GOP Lawmakers Chomping at the Bit to Cut Tax Rates Next Year, Maybe With the Help of a Few Frightened Democrats

Donald Lambro
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Posted: Nov 25, 2016 12:01 AM
GOP Lawmakers Chomping at the Bit to Cut Tax Rates Next Year, Maybe With the Help of a Few Frightened Democrats

WASHINGTON - President-elect Donald Trump has a big agenda, with many moving parts, that should keep the Congress busy for the next four years.

Under normal circumstances, when Republicans control the White House and both houses of Congress, one would expect swift approval of the president's chief proposals along straight party lines.

But in this case, even some Democrats may be lining up behind a few of Trump's big spending initiatives. More on this in a moment.

To be sure, Republican lawmakers are chomping at the bit to cut income tax rates and simplify our dysfunctional tax code, and that will surely be one of the earliest pieces of legislation they will send to him next year.

It may not be exactly what he has proposed. For one thing, his plan does not make any attempt to be revenue neutral by eliminating a mountain of tax breaks, loopholes and corporate welfare -- a core element in the GOP's long-stalled legislation.

But in the end, with some strategic compromises here and there, it's likely to meet with Trump's approval and his signature, to fulfill his promise to strengthen our economy and get the Great American Jobs Machine running at full throttle.

The critical element behind the GOP's tax cuts can't be overstated, and no one understands this more than our nation's future job creators, businesses large and small, and millions of investors.

Many of them have been sitting on the sidelines and holding back investment capital for the past eight years in the Age of Uncertainty, as Barack Obama kept threatening to raise taxes on anyone who made too much money.

The result has been an underperforming two percent growth economy in need of a transfusion of capital that Trump and the Republicans are going to provide when he takes office in January.

We saw the first wave of expectation of stronger growth when the Dow broke through the 19,000 mark for the first time in its history this week, driven by business investors who piled back into the market.

But Trump has another card to play in the growth game that he thinks will strengthen the economy: spending $1 trillion on rebuilding the nation's decaying infrastructure.

If this proposal sounds familiar, it's what Obama spent in his first years to grow the economy and produce jobs. It was a humiliating failure. The economy remained weak and is still "in recovery" years later.

But Trump's huge infrastructure plan is likely to draw significant support from big spending Democrats, though a potentially tepid response from Republicans who will most likely cut the bill down to size.

Trump naively thinks he can deal with incoming Senate Minority Leader Charles Schumer, a fellow New Yorker, and the two are said to have spoken several times since the election.

"I have always had a good relationship with Chuck Schumer. He is far smarter than Harry R [Reid] and has the ability to get things done. Good news!" Trump tweeted earlier this week.

Schumer didn't return the compliment. "We will work with President Trump when he agrees with our positions," he told the Washington Post last week.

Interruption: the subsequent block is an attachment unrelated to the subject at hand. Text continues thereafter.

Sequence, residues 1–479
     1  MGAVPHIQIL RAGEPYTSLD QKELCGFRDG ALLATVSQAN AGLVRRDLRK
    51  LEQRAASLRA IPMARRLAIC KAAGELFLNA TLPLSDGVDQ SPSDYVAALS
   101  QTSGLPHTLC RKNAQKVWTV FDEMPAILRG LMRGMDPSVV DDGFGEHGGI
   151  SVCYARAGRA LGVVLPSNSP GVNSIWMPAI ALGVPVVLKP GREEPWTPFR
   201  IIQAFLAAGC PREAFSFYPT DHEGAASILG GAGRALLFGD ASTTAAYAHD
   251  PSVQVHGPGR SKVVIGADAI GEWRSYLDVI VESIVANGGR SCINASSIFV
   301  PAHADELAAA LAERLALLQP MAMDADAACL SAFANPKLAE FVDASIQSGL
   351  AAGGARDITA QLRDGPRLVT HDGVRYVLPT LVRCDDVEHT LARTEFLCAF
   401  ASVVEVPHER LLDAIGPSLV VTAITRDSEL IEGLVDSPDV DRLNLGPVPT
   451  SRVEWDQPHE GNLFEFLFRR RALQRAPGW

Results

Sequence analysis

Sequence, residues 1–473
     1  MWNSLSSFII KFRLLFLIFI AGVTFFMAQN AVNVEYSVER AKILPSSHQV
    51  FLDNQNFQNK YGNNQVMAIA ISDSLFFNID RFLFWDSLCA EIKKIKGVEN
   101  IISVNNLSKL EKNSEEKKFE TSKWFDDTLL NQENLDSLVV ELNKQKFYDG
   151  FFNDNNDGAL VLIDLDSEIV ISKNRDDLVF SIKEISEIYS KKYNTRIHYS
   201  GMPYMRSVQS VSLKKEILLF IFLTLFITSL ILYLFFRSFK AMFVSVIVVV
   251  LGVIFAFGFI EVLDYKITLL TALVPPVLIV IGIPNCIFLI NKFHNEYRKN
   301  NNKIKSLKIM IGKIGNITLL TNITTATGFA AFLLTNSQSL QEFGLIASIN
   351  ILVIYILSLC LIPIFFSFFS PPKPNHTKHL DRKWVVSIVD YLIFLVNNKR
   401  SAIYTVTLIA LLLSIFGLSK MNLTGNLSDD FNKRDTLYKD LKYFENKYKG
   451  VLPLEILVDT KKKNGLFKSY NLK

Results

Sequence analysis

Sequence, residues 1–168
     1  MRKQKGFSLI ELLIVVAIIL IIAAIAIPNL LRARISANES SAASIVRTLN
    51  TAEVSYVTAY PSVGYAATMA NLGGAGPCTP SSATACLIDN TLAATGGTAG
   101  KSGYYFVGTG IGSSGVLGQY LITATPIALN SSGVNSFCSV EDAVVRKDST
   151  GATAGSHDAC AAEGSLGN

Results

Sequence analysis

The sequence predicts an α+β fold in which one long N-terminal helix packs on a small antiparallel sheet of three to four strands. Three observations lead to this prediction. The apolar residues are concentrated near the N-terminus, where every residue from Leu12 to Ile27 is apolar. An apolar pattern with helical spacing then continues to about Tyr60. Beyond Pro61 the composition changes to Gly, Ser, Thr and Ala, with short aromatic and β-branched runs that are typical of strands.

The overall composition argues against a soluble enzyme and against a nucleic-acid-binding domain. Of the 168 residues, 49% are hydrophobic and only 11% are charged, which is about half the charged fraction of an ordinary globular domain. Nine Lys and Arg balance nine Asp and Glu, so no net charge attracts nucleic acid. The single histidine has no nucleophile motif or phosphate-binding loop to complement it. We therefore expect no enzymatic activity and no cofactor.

"But "when he goes against our values and our positions, we'll fight him with everything we have," he said.

But the rest of Trump's broad agenda remains a work in progress.

Filling the Supreme Court vacancy since Justice Antonin Scalia's death will be an early priority and a major test of Trump's presidential judgement.

He has already submitted a list of 21 judicial prospects from which he has pledged to pick his nominee, and it has won general approval from most Senate Republicans.

The Supreme Court will likely remain in conservative hands, at least throughout Trump's presidency.

Energy policy will be another slam dunk for the GOP, with the rapid approval of the long-stalled Keystone XL pipeline, and reversing the Democrats' "war on coal."

His remaining agenda, however, could turn out to be a hornets' nest of fierce political battles, from immigration reform to free trade policies.

Repealing and replacing the Obamacare law with a far more affordable, market-oriented plan is likely to happen, too, but not without an all-out fight from the Democrats.

But the GOP has a major political advantage over the Democrats that in some cases could result in more than a few of them crossing the aisle to support GOP initiatives.

In the 2018 midterm elections, 25 of the 48 Democrats in the Senate will face re-election, compared to only eight Republicans.

Ten of these Democrats represent states that Trump won on Election Day.

This means Senate Majority Leader Mitch McConnell, a skillful political deal maker, may be able to persuade some vulnerable Democrats to side with the Republicans on a number of critical legislative issues.

One of five or so Democrats who face tough re-election races is Joe Manchin III of West Virginia, a swing state that Trump won.

"Manchin sounds especially eager to cooperate with the new Republican president," the Washington Post reported this week. Here's what he said:

"If President-elect Trump comes with good policies, I'm going to be 1,000 percent behind him. Okay? Maybe the rest of my caucus will not, but I'm going to find a pathway forward."

The bottom line is that Trump is going to get his way on a lot more issues than anyone expected, with the help of his party's establishment leadership, the very people that he often criticized and insulted.

And maybe with the help of a few Democrats, to boot.